Book Club / Culture

This is your sign to start listening to audiobooks


Many of us are fresh from holidays or still inhabiting them. It's likely those trips meant a lot of time on the road or in transit, hours that cannot be filled through talking alone. My own drive up to Queensland was soundtracked to Naomi Klein's voice as she unpacked the uncanniness of our online selves in Doppleganger. Listening to the audiobook reminded me of the opening scene of Lady Bird where upon finishing The Grapes of Wrath by John Steinbeck, Saoirse Ronan and Laurie Metcalf share a moment of tenderness – a brief and rare interruption to the mother and daughter's usual bickering.

Like their paper forms audiobooks are a form of escapism, which is not an unwelcome thing when stuck in traffic on the Pacific Highway. Although, I've always had a sense that listening to a novel is somehow inferior to picking up a physical book. While I'm not going to engage with the discourse around whether audiobooks count as reading (they do – and isn't the oral tradition the oldest form of storytelling?). That's not to say that certain books are better suited to listening than others. Looking back on 2023, majority of my audiobook listens were memoirs – The Woman In Me, I'm Glad My Mom Died, Down the Drain – better still if they're narrated by the author themselves.

Last year, I listened to music less, podcasts about the same, but mostly the time I spent folding laundry, cleaning my bathroom, and commuting to work, I was engrossed in stories from the likes of Curtis Sittenfeld and Jane Austen and Ann Patchett and Sue Townsend. I should never have worried if the listening experience would be deficient to reading. Sure, when the washing machine finishes its cycle or between polite small talk on your morning walk you might miss a couple of sentences. But as Leonie Elliott demonstrated in her narration of Fire Rush by Jacqueline Crooks, the voice talking can be honeyed, evocative and lyrical, more so than the words being spoken.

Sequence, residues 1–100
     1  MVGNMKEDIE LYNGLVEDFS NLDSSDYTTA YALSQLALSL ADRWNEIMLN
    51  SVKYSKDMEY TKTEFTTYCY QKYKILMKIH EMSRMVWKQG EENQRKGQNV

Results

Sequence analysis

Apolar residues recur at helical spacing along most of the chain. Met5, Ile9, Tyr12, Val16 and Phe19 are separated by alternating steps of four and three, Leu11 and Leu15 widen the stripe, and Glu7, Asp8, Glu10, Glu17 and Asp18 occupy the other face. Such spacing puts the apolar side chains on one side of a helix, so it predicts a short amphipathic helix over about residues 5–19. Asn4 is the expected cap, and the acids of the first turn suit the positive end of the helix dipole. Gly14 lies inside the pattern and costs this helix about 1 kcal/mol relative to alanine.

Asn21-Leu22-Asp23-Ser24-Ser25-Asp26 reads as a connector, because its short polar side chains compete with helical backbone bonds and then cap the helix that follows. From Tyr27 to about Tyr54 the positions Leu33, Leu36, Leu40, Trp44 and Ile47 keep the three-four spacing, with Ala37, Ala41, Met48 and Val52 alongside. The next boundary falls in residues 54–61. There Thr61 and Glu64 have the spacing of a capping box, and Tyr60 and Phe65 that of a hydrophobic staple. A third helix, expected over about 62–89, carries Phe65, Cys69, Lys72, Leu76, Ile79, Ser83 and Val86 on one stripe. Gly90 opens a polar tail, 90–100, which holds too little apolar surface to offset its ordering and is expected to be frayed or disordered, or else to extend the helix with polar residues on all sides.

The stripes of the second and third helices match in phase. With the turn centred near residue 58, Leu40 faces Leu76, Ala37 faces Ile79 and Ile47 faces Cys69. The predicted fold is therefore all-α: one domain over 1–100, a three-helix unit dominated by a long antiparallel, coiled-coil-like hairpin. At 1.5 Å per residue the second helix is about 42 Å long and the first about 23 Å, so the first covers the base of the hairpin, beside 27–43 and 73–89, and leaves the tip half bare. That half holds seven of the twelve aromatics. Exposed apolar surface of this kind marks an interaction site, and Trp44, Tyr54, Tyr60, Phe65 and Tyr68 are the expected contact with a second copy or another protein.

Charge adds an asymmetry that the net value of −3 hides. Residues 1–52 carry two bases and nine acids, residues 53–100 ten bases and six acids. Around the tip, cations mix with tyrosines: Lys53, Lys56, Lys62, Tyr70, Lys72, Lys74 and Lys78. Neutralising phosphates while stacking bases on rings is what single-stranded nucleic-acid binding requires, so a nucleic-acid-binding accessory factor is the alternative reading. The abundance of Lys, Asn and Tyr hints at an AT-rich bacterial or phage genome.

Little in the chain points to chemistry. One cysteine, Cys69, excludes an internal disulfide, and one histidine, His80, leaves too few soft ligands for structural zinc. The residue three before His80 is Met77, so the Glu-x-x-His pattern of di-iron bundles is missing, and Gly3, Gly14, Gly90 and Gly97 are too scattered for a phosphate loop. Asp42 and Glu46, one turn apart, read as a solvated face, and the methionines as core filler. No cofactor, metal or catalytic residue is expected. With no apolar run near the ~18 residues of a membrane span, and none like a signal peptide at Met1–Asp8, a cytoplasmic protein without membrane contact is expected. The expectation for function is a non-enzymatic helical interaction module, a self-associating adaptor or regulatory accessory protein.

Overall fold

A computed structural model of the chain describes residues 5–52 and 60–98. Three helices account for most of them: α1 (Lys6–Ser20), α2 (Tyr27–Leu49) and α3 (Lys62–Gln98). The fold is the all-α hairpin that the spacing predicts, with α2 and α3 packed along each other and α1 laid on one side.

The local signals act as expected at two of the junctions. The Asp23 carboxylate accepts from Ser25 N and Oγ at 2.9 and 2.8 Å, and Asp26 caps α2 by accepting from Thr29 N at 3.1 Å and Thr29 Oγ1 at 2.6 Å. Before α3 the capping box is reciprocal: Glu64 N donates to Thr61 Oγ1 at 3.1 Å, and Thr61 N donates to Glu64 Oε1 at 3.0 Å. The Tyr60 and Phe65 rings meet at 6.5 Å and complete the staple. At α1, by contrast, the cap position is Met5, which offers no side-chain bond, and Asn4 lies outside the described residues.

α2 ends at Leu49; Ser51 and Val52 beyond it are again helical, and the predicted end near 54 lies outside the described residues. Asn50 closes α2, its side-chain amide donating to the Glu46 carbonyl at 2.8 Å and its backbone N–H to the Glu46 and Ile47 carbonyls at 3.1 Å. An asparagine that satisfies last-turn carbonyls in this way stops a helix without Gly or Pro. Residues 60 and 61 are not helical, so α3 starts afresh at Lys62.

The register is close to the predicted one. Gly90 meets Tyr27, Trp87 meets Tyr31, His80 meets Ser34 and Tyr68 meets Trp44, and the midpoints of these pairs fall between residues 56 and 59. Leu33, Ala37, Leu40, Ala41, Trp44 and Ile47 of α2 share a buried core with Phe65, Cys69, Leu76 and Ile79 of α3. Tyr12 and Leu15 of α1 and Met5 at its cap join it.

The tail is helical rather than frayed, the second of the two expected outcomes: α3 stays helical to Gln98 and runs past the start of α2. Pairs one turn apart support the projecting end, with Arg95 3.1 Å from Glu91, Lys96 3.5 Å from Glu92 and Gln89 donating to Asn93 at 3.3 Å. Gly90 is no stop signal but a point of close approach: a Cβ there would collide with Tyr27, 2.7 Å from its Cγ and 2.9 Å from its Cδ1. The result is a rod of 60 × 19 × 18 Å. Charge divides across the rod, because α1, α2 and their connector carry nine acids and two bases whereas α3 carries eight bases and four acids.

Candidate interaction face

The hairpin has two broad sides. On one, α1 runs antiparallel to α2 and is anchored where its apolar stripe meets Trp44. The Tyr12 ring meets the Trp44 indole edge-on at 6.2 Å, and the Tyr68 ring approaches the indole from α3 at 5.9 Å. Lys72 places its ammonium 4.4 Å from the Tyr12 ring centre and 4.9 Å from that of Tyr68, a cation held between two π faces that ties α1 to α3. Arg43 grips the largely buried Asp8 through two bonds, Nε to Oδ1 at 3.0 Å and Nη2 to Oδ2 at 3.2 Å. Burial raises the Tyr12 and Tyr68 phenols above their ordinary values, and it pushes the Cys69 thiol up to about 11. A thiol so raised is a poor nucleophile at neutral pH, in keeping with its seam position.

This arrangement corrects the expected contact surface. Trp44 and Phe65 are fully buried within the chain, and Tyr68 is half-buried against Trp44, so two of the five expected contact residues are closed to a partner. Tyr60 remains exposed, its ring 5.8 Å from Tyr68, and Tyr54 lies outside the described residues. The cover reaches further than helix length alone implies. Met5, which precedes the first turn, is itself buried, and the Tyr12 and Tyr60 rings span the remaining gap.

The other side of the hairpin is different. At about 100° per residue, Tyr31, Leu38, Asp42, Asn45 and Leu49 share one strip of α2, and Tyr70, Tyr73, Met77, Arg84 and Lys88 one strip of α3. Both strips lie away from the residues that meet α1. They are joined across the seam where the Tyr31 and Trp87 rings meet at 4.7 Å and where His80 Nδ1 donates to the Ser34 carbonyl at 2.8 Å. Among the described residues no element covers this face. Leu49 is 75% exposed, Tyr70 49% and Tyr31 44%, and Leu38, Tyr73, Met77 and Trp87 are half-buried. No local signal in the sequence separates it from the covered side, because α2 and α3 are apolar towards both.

Plus, as a reader who has a habit of mispronouncing words I've read yet never heard aloud, audiobooks eliminate this problem. (I once presented a speech in seventh grade where I confidently said "inevightable" about five times... I meant "inevitable".)

To aid you on your audiobook journey, here are some titles the RUSSH team enjoyed recently.

Where to listen to audiobooks


Audible was the major player in the world of audiobooks until recently. Started in 1995, the platform is now owned by Amazon. You receive one free title when you sign up, then your subscription (priced at $16.45 per month) buys you one audiobook each cycle.


If you're signed up to Spotify (sorry Apple Music listeners) your premium subscription allows you up to 15 hours of free audiobook listening per month. Which explains the recent uptick in audiobook listeners. While this is a new feature on the music streamer, Spotify boasts a wealth of popular titles and new releases. Once you exceed your free 15 hours, you can then pay extra for any titles you wish to listen to.

It should be noted that authors have shared concerns regarding Spotify's deal with publishers, believing it could result in a similarly disastrous situation to the music industry where streaming caused musician's to earn less in royalties. Authors also claimed they weren't consulted on the licensing deal.


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